She shook her head, feeling the movement send stabs of pain down her body. I made that for you, dolt! Her mental voice was scathing, realising that the man must have been saving the day’s medicine for her, rather than drinking it himself.

“Ah, but you can make more medicine,” he said lightly, as if he had read her thoughts. “I wouldn’t have a clue how to even start! So it’s only logical, really.”

She didn’t answer. He sighed, and for the first time she heard a vein of iron in his voice. “If you don’t drink it, I’ll pour it on the floor.”

What?! She wrenched her head around, eyes wide, and saw that his expression was completely serious. When she went to grab the canister away from him he held on to it stubbornly, with that same surprising strength that had run through his voice. As if to apologise, he stroked her cheek gently with his other hand, carefully avoiding the bruise.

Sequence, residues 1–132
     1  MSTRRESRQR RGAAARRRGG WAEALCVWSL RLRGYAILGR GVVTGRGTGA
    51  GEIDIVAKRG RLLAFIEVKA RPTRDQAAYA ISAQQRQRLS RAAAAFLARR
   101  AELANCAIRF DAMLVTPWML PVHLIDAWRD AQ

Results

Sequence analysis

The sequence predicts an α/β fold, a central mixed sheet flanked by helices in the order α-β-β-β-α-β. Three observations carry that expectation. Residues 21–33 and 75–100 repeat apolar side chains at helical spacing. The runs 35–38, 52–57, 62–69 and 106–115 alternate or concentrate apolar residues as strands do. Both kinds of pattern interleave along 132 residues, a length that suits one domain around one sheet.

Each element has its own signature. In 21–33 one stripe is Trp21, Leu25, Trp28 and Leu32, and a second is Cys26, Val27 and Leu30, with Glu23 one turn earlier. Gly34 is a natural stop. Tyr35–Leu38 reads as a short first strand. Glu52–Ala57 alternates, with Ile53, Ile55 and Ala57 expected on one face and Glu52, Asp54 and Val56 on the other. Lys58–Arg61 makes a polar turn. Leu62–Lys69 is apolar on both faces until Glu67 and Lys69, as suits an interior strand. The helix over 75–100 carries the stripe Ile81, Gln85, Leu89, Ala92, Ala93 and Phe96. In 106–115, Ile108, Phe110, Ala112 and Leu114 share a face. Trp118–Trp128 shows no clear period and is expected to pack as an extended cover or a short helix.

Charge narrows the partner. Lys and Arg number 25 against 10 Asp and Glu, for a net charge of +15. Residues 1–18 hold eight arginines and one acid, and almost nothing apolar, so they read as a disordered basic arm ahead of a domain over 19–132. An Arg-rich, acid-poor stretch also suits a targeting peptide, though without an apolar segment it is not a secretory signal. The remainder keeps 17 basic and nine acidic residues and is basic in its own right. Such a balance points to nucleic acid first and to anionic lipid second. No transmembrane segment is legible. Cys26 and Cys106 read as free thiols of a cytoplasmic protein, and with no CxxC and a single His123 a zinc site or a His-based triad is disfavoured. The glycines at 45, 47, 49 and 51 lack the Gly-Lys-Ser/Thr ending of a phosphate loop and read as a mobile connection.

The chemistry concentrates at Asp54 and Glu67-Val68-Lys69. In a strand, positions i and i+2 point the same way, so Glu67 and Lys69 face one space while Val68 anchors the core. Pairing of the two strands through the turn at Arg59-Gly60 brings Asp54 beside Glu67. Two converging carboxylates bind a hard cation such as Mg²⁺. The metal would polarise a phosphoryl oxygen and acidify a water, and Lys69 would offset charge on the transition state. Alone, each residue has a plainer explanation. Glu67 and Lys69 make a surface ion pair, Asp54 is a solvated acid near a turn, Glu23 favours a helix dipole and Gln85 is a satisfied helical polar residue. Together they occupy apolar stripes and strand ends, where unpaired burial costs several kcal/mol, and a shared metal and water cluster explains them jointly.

“Drink, little one.” He said quietly, supporting her head and bringing the canister to her lips. She looked into his calm, dark eyes and obeyed.

The mixture was stronger than she’d thought, and the ebbing relief from her pain made her feel sleepy. Or was it... she saw the black glint of his magic weaving lazily through the liquid, and sudden panic made her choke.

He’s witching me!

And then it was too late, too late to fight or throw the cursed potion away, or even vomit it up. She wrenched herself away from him, from demon hands which had seemed to caring a few moments before, and the spell hurled her into oblivion.


A Tamora Pierce Story
by Sivvus

Part 4 of 69